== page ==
The fusion of science and democracy largely depends on how well the public understands and appreciates both. Scientific temper is a connecting bridge between democracy and science. In The Discovery of India, Jawaharlal Nehru says:
“The scientific approach, the adventurous and yet critical temper of science, the search for truth and new knowledge, the refusal to accept anything without testing and trial, the capacity to change previous conclusions in the face of new evidence, the reliance on observed fact and not on preconceived theory, the hard discipline of the mind, all this is necessary, not merely for the application of science but for life itself and the solution of its many problems.“
The lack of independent thinking breeds despotism and pseudoscientific beliefs. Acceptance of belligerent claims and blind allegiance to religious or political authority is not just plain wrong; it is positively dangerous. History is a sober reminder of the appalling acts of brutality that followed from uncritical conformity to group beliefs and a jarring sense of false pride. Voltaire, the French philosopher was correct in pointing out that “those who can make you believe absurdities can make you commit atrocities“.
While enthused by extreme religiosity, we are also becoming an increasingly consumerist society. Constant fixation with new gadgets has made the affluent class increasingly self-absorbed and indifferent to real-world problems.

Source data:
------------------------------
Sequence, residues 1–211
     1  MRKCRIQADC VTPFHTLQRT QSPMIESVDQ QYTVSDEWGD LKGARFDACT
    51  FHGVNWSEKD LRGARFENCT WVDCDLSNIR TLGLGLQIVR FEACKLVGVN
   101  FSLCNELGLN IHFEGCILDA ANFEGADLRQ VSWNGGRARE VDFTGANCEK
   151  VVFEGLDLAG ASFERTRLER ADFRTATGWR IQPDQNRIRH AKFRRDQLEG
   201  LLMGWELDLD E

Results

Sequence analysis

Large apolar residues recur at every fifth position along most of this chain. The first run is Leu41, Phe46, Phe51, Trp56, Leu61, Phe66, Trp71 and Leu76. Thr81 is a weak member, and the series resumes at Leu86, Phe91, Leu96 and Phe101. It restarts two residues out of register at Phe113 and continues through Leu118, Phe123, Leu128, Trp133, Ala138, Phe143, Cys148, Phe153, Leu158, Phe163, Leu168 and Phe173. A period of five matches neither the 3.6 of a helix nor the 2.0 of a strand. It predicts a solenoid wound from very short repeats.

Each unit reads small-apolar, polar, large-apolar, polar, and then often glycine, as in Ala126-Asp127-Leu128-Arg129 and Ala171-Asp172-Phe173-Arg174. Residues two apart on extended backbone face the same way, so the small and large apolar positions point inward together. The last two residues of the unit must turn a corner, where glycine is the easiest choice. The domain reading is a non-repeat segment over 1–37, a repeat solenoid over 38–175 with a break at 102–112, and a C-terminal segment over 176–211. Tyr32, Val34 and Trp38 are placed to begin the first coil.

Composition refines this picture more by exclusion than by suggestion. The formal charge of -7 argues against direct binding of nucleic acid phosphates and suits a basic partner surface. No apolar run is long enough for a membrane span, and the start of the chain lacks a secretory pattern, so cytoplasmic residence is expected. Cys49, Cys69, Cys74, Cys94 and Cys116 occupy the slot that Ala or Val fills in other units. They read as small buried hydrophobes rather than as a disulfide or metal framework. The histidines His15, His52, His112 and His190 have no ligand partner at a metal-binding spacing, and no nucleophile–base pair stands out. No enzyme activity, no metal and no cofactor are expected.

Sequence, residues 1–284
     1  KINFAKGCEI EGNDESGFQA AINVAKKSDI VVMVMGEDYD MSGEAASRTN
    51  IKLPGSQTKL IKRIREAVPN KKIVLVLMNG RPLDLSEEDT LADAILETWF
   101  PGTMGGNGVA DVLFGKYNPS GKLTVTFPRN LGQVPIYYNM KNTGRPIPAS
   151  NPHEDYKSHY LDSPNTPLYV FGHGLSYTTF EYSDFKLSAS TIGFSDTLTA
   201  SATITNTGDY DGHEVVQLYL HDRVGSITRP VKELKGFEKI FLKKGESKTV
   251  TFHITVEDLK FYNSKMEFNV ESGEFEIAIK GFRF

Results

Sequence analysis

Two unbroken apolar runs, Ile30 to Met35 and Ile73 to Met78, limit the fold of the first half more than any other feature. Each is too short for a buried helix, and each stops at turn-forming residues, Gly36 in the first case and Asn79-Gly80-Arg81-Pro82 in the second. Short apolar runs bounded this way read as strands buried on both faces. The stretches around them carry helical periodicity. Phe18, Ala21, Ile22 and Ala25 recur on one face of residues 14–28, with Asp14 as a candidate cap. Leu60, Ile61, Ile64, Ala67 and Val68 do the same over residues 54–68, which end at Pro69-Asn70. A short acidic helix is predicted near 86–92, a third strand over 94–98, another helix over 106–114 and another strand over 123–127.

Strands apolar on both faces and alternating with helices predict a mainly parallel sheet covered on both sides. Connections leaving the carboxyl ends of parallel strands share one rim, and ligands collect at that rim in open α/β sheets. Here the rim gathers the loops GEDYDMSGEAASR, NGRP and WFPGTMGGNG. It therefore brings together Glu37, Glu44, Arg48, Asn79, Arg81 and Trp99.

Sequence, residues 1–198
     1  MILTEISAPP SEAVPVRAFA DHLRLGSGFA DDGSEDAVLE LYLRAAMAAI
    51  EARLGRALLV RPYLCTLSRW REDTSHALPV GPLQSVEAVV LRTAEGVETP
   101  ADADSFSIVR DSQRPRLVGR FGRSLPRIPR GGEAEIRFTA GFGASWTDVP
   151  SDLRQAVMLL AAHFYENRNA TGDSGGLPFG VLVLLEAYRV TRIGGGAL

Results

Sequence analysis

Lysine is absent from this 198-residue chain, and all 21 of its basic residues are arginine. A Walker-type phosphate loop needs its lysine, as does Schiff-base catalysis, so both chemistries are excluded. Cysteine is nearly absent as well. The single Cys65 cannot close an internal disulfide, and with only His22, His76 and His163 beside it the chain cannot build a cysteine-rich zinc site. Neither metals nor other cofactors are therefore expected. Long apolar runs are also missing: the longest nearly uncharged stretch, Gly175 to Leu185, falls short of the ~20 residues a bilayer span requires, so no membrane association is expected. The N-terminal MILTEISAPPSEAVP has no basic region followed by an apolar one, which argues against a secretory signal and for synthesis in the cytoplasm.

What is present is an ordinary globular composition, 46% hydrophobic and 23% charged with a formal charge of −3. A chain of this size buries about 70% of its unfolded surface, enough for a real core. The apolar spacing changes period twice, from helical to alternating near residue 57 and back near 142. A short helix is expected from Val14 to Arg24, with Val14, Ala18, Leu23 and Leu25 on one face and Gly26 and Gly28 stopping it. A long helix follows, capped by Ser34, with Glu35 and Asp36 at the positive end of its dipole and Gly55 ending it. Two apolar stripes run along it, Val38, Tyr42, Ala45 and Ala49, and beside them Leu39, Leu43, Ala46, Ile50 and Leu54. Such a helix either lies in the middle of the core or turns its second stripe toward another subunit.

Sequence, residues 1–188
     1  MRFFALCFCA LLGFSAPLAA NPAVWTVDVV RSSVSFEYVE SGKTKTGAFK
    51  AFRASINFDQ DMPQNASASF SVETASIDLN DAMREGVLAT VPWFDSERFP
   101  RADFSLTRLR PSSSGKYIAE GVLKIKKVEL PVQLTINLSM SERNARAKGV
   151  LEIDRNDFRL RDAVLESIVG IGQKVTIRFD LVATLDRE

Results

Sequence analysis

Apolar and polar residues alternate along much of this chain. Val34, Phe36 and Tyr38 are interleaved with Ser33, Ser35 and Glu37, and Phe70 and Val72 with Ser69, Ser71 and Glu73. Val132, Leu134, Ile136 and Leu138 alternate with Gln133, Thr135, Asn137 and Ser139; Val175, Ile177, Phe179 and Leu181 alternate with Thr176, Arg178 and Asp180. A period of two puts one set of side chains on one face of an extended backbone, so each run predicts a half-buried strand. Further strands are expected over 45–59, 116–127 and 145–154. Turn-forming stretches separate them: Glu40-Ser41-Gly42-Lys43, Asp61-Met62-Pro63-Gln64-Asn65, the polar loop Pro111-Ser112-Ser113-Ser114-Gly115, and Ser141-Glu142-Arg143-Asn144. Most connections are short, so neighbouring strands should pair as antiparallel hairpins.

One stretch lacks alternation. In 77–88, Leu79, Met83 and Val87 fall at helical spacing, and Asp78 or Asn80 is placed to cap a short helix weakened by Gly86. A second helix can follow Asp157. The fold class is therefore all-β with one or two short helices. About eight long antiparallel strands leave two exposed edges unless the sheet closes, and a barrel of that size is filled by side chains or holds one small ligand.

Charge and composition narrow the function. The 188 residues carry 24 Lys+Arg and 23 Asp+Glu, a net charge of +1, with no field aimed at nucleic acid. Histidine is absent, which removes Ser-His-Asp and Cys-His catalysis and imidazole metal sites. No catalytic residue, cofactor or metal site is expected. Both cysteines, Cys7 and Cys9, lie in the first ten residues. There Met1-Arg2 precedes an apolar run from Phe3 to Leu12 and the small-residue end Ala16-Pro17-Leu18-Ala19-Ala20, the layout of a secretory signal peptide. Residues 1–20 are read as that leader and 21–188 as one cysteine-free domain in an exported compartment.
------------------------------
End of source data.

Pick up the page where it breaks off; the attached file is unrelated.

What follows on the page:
At yet another level, technology has become an easy tool for the social and psychological manipulation of the masses. Rich and powerful spiritual leaders, big corporations, and lobbying groups are increasingly utilising digital technology to lure, influence, and sway public opinion to achieve ideological conformity, political dominance, and monetary gains.
We also see how technology and social media platforms are exploited to unleash mindless propaganda and misinformation campaigns, aimed at spreading fake news, arousing communal hatred, and engineering mob violence.
At this critical juncture, society’s growing dependence on technology, which is awfully out of sync with basic understanding and appreciation of science, is a deeply worrying concern. Finding the truth in this information age is like looking for a needle in a haystack. Every citizen ought to know how things work, how the real-world functions, and how decisions are made. They should be able to evaluate the strength of competing ideas and claims without the fear of retribution. Sadly, this is no longer the case.